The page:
Worth noting is the tradition of mutual adoption of children between the two families. Thiruvithamkoor adopted princesses and princes more from Mushika than the other way round. During the Sangam Period, around the beginning of the Common Era, there was a Velir King by the name of Ay Nannan; the best known king in the recorded history of this dynasty and kingdom was Udayan Venmon Nannan known as Nannan or Nandan. Documented records of the rule of 118 kings up until Srikanta at the start of the 11th Century CE have been compiled in the Sanskrit text known as Mushikavamsa a poem composed by the poet and historian Atula, one of Srikanta's courtiers; the territories they ruled over were known as Kolathirinadu. The Kovilakam of the Kolathiris was located in Chirakkal; the Mushika Royals were responsible for building many of the existing ancient temples of Northern Kerala and adjoining areas, besides forts like those at Bekal Fort, major ports like those at Valapattam. The Arakkal and Nileshwaram Royal Families are both branches of the Kolathiri or Chirakkal Royal Family.
The Nannan Dynasty, one of the Tamil Velir lineages, had matrimonial alliances with the Cheras and Cholas, with the other Velir lineages. The marriages were mutual with daughters being both taken; the dynasty had several kings bearing the name of Nannan. In fact Nannan was a common name in the Tamilakam, the surviving Sangam texts those by the poet Paranar, speak of multiple Nannans from the Nannan and Ay Dynasties. During the Tamil Sangam period, the Nannan Dynasty along with a handful of other Velirs, had frequent and intimate marital relations with both the Cheras and the Cholas. With available texts and research, details of many of these marriages and alliances in terms of the exact names and timelines or periods of those concerned, are not known. A few are however known in some detail. Nannan I married the daughter of the Chera King Perunchorruthiyan sometime around the 3rd Century BCE. Sangam texts as well as several versions of the Mahabharata cite a Chera king by the same name to have fed the rival armies in the Great War.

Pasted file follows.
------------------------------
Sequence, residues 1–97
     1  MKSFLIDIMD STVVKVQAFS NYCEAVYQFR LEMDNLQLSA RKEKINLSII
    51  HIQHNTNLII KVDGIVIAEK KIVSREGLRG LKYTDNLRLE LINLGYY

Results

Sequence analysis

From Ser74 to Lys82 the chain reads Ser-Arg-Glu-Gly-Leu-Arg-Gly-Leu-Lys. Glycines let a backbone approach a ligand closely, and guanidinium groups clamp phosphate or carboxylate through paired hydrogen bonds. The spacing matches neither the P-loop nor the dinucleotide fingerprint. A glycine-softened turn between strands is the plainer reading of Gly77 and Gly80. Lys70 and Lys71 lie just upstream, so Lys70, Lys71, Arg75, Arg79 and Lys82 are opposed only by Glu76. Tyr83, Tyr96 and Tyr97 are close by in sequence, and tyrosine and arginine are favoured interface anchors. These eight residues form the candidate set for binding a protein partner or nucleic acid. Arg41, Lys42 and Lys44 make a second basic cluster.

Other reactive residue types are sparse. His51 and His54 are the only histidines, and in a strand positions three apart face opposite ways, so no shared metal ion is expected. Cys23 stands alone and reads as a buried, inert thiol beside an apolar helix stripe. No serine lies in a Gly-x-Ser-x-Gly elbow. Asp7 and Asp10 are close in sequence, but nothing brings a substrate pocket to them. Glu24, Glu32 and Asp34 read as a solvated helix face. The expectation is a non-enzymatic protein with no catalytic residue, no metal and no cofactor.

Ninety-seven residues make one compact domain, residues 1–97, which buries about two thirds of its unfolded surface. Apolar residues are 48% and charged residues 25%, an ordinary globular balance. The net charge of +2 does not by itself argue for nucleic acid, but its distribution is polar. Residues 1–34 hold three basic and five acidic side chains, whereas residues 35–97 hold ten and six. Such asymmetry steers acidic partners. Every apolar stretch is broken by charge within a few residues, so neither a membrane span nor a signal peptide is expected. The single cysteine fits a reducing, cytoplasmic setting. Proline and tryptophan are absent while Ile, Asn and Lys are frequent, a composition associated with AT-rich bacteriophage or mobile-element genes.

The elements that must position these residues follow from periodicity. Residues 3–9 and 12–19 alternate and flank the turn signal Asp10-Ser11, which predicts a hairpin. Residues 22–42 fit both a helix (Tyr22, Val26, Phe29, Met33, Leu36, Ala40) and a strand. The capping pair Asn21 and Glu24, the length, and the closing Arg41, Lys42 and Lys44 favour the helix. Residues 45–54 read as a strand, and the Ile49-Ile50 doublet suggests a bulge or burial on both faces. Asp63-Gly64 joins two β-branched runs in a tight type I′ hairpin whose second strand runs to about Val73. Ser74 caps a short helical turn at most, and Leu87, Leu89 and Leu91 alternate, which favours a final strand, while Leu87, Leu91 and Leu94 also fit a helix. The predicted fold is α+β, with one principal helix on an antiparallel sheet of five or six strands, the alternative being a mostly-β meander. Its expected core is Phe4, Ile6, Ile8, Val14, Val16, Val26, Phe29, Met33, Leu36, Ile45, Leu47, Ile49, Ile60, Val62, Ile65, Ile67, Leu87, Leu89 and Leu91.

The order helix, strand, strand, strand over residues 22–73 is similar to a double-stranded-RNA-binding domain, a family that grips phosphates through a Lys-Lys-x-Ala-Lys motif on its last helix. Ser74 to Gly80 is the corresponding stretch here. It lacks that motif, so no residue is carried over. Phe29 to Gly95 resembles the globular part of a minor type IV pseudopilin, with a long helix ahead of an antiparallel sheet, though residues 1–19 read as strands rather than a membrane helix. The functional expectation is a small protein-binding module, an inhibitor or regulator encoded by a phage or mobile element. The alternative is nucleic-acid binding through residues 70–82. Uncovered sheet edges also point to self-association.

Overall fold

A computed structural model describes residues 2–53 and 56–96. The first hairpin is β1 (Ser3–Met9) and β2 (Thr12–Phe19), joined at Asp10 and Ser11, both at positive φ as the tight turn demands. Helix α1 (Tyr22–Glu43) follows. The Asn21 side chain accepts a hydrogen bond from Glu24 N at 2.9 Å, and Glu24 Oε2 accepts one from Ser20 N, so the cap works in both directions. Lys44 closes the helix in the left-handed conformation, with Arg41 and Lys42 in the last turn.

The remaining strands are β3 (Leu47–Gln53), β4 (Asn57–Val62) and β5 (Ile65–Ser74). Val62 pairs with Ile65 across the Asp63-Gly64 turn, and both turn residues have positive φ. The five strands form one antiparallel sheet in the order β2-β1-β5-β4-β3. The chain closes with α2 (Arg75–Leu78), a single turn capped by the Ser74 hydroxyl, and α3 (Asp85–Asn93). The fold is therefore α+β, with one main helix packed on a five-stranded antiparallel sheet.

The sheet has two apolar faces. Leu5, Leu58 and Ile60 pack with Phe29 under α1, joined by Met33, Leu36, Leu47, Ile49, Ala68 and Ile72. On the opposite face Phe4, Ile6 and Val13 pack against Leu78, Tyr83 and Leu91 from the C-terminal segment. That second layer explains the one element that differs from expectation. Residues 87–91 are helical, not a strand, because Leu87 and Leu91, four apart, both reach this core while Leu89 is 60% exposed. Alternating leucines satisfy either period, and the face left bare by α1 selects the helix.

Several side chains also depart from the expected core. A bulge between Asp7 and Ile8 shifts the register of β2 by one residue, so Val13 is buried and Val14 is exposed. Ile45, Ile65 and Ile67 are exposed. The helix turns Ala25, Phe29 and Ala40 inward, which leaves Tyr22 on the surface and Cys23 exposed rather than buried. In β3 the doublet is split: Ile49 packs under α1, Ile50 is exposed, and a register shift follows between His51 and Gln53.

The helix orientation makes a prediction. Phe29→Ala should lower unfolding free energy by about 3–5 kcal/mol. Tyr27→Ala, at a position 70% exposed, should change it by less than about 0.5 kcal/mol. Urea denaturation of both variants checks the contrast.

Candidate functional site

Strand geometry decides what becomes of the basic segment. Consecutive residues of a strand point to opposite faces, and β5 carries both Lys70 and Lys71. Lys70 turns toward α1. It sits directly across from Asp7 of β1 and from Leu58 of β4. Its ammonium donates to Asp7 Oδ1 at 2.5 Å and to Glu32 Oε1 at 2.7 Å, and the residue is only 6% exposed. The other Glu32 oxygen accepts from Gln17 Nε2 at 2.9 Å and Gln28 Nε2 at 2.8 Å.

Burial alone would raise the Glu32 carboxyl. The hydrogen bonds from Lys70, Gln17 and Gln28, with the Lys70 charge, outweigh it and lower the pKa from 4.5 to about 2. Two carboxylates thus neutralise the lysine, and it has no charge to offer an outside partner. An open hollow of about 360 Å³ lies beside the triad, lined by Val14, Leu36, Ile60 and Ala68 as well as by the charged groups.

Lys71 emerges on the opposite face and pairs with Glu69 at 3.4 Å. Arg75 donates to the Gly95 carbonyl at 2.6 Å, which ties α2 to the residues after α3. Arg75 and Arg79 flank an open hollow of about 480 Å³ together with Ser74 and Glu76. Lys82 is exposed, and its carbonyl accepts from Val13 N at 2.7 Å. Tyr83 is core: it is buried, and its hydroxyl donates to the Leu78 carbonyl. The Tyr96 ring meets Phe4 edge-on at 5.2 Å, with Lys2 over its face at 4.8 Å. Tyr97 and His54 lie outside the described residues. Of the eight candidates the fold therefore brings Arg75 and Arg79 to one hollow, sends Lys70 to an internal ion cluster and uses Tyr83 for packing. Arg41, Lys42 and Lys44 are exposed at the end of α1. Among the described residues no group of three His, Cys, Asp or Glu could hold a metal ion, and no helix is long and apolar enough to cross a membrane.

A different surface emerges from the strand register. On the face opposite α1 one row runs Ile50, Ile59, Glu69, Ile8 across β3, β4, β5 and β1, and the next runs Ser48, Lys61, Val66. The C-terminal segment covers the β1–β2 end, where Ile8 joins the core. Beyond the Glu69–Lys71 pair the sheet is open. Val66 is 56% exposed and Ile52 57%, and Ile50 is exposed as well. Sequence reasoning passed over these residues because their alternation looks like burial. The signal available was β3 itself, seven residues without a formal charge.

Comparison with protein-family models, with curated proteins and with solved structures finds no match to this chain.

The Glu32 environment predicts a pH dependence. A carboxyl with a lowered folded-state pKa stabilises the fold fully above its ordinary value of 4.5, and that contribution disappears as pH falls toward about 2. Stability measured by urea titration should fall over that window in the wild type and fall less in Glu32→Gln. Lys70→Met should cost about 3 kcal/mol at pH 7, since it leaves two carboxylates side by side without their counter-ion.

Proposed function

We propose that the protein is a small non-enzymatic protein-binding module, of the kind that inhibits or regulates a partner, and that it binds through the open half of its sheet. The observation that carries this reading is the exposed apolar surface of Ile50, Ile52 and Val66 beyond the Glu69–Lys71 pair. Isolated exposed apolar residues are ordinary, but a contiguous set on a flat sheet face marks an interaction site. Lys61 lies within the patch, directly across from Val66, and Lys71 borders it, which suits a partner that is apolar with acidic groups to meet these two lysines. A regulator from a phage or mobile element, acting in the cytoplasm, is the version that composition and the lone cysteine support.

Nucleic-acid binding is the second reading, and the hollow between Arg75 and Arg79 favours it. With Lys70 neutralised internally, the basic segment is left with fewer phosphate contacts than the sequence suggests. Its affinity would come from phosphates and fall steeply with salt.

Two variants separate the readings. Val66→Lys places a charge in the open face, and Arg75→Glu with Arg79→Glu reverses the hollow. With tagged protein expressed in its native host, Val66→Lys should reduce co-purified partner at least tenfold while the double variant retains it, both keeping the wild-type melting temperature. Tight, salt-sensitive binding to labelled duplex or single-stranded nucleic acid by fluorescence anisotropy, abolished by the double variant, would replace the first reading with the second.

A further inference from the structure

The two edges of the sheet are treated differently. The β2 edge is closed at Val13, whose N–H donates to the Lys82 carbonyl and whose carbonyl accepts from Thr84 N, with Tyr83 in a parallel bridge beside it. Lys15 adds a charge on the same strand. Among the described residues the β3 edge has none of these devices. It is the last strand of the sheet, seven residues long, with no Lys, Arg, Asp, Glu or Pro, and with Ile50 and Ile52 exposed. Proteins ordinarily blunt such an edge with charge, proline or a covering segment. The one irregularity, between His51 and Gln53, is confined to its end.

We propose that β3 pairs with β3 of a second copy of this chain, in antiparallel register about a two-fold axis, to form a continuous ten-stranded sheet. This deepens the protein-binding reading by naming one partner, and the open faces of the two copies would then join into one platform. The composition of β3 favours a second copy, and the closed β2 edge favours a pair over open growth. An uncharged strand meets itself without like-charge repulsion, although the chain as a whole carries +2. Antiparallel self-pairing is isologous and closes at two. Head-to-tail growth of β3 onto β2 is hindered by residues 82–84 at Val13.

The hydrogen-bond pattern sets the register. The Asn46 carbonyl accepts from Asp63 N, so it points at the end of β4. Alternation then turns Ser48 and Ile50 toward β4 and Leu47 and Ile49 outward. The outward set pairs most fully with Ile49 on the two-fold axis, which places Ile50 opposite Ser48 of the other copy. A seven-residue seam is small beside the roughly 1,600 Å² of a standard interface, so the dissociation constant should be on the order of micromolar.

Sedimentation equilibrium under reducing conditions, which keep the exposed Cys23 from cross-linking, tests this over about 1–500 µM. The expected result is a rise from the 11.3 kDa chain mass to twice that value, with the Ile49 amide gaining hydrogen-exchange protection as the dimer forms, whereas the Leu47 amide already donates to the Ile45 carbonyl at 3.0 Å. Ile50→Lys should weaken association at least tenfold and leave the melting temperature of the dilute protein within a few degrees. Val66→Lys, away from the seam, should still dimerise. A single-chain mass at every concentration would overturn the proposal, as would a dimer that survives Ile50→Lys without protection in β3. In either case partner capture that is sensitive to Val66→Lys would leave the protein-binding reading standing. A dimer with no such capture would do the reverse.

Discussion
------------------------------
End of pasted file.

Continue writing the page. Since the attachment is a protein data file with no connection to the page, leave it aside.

Isanavarman married. The same Isanavarman married the daughter of the then